Using this tool will ensure your proficiency in this essential skill.

If you’re still feeling a bit perplexed, check out our Study Smart guide to referencing.

Happy referencing!


Do you know about the Referencing Tool?

Wouldn’t it be great if there was an online tool that could help you structure your references? As luck would have it, there is. And it was developed by the best University ever! Your University. Griffith University.

Meet the Griffith University Referencing Tool.

Using the referencing tool is as easy as 1, 2, 3! You simply select your reference style, media type and format and the handy little tool will give you an example for both the in-text citation and reference list entry.

It’s quite genius really. And the big news is, the tool recently had a makeover. And not just cosmetic either.

Yes, it does look prettier (which to be honest is always important) but it also has improved functionality.

It’s now mobile device friendly so you can reference on the go. Are you pondering how to reference that journal article while you are on the train?

Simply, whip out your mobile phone, open the referencing tool, and get the answer you need.

Do you need to print out a referencing example from the tool? You totally can. The redeveloped tool now gives you further printing options. We know you still like to consult a print copy once in awhile (#oldschool).

For those of you who used the old referencing tool, don’t worry. The new one still has the same layout so you won’t have to relearn how to use it (not that it’s hard!).


How to keep on top of your referencing

Person writing list

Referencing is a big part of uni. It’s how you clearly and consistently acknowledge all the information sources you have used in your work.

Being such an essential skill, we recommend you become proficient at it.

As an undergraduate student where you’re generally writing shorter assignments (I know, 2000 words isn’t that short – but hey, it’s shorter than a dissertation!) we suggest you use our referencing tool to guide you with your referencing. The referencing tool is designed to provide you with examples of direct quotations, paraphrasing and full references for a range of resources you may have used when researching a topic. Over time you’ll build up your skills in this area, and know what a reference should look like.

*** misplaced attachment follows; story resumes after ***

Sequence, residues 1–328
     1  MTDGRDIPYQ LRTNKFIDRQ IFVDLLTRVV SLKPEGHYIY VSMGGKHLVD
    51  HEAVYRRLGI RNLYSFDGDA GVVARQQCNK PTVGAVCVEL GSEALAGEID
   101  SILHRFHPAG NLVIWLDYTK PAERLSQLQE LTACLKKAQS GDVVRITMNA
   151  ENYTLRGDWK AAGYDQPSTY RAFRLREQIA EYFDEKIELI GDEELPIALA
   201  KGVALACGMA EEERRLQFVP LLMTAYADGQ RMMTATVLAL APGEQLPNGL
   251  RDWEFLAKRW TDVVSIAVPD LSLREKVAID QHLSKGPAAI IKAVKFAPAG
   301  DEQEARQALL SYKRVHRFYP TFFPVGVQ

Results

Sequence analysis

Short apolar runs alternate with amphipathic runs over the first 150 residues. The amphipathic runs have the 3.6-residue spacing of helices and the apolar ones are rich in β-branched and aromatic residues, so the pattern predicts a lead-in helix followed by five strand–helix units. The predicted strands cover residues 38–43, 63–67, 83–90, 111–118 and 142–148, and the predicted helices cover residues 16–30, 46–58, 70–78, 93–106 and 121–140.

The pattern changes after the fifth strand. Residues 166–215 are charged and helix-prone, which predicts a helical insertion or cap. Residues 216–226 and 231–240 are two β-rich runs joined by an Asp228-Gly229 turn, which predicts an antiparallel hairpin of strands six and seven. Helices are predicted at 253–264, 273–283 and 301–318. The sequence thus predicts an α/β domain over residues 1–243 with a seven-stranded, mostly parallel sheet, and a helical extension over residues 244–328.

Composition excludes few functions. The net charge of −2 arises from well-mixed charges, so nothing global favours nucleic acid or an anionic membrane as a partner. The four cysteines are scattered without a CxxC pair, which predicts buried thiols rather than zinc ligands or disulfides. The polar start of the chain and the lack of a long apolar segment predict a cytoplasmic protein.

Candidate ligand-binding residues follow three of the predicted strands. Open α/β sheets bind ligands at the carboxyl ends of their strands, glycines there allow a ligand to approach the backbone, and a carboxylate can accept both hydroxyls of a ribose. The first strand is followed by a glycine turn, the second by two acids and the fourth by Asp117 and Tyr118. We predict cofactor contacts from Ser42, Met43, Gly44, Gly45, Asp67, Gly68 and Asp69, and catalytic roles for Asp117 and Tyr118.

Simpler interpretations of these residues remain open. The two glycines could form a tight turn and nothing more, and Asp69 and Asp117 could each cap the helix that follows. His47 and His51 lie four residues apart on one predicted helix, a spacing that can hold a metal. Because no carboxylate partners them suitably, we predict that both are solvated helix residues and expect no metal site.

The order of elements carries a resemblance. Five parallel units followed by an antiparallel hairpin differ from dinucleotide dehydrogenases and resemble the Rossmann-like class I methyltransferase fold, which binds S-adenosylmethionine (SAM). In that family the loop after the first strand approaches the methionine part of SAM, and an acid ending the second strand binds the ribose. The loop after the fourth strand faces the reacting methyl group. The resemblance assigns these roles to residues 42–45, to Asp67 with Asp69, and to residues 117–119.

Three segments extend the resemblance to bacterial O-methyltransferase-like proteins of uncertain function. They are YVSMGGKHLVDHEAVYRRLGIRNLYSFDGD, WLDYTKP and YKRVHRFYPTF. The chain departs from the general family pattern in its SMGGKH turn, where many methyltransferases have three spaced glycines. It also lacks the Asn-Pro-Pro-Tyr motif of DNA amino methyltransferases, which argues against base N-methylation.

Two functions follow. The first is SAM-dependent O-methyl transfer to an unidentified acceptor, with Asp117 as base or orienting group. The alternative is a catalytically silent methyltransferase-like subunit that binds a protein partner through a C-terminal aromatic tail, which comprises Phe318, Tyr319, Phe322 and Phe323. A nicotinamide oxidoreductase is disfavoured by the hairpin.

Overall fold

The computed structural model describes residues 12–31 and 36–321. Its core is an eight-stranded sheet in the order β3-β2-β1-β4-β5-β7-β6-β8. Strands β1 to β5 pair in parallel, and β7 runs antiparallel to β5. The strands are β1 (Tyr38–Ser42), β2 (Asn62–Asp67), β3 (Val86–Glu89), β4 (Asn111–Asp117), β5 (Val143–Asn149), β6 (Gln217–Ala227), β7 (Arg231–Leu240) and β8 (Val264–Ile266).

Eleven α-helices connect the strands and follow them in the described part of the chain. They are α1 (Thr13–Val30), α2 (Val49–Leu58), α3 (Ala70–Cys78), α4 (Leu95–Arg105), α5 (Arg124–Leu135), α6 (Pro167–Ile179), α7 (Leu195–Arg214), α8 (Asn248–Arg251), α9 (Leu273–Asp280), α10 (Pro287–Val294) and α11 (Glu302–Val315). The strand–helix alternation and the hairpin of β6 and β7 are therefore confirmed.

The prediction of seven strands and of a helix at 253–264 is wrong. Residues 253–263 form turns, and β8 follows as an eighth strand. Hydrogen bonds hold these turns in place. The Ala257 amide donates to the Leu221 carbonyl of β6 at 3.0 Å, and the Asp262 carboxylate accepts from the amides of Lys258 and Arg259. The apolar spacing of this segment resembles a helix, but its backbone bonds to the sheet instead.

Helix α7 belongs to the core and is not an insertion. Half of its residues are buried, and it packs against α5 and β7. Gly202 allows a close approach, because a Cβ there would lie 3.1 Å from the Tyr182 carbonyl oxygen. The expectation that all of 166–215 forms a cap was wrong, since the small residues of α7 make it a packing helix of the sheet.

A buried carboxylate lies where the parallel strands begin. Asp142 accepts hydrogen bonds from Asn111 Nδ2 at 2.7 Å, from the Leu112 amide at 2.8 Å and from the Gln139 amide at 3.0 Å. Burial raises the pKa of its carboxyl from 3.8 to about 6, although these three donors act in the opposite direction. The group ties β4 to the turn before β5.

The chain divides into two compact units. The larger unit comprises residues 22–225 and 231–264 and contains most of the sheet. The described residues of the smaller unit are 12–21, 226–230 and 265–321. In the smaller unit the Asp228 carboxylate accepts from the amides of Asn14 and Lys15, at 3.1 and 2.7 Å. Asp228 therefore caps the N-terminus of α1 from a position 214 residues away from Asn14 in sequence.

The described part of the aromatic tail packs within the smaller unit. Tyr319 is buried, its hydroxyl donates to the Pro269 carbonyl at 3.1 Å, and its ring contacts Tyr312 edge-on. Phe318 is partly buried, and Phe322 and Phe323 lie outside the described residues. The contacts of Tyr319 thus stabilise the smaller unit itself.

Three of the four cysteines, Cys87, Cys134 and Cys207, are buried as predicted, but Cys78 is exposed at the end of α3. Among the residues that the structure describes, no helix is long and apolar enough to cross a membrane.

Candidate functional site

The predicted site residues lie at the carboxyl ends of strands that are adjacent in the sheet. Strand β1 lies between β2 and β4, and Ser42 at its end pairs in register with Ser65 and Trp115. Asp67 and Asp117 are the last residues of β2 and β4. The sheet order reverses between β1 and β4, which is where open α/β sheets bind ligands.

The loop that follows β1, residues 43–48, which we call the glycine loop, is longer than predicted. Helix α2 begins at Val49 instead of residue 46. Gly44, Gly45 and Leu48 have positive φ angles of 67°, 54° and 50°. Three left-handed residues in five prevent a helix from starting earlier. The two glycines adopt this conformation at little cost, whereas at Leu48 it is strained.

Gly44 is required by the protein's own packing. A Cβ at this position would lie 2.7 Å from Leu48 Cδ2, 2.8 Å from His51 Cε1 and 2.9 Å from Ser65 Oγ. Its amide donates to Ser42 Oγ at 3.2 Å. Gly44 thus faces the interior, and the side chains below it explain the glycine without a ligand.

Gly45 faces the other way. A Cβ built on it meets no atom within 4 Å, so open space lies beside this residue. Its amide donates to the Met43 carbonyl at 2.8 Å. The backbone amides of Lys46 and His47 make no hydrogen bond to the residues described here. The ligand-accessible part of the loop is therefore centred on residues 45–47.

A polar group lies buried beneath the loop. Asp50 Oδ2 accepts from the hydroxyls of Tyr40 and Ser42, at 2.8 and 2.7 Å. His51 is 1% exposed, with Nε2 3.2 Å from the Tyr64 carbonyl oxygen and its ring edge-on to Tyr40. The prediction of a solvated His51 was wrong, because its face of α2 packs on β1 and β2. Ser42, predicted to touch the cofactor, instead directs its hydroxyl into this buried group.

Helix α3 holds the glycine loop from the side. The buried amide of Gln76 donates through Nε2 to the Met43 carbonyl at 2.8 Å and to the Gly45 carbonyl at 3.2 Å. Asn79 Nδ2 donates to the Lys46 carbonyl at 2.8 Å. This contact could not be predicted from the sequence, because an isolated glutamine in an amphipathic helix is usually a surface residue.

As you move towards more lengthy assignments, research papers, and so forth, you may be struggling to stay on top of the massive array of resources you’ve used.

Enter: EndNote.

EndNote is Griffith’s recommended bibliographic management software, and enables you to easily:

  • Collect references
  • Organise references and documents in a searchable library
  • Create instant reference lists and/or bibliographies

It’s super handy if you have a large amount of research you need to organise. You are able to store all the citations in one place, and easily insert them straight into Word. And, as soon as you insert an in-text reference into word, the full reference will be added to the document’s Reference List section.

Best part – it updates. If you decide to remove a section of text, which may have had an in text reference used nowhere else, this reference will automatically be removed from your Reference List too #timesaver.

Ok, another best part. It’s free!

To get EndNote, follow the instructions on the EndNote page to download it.

For more information on referencing, check out our referencing study smart page.

 


Referencing made easy

Photo of woman on laptop

Referencing can seem like an enormous and complex task, especially when you have amassed a stack of resources for your essay.

But like anything, once you break it down into manageable chunks, it’s really not scary at all. Luckily, our Study Smart tutorial on referencing can help break referencing down into four easy steps.

1. Choose your referencing style

You can, in some instances, make this choice, but mostly your Course or School dictates which referencing style you are to follow. It’s your responsibility to find out what referencing style you are required to use, and to locate the correct style guide.

Common styles include APA 6, AGPS Harvard, MLA, and Vancouver. Check out our Referencing styles page to find out more information, or find comprehensive style guides.

2. Identify the resource type

Is it a book? Is it a print book or an eBook? Is it the whole book, or just a chapter? Is it a journal article, web document or conference proceeding?

The resource type will dictate what details you will need to record. Check the referencing style guide to see what information you need to record for that resource type.

3. Collect information

Accurately record all the information about the resource you are referencing. You will need to note who created it, when was it created, what is it called and where was it published.

Be sure to consult your referencing style guide during this step. It will specify exactly what information you need.

4. Write your reference list

At this point, you will have your referencing style guide in front of you, and all the pertinent information about the resource you are referencing.

Now, it’s just a matter of putting the information together in the right order, with the right punctuation and capitalisation. Use the examples from your referencing guide to create a reference and in-text citation for your resource.

And, check out the referencing tool

For a quick snapshot of how to structure your reference, check out Griffith’s Referencing Tool. It combines the above steps so you can select your reference style, media type, and format, to be shown an example of how to reference your resource both in-text, and in your reference list.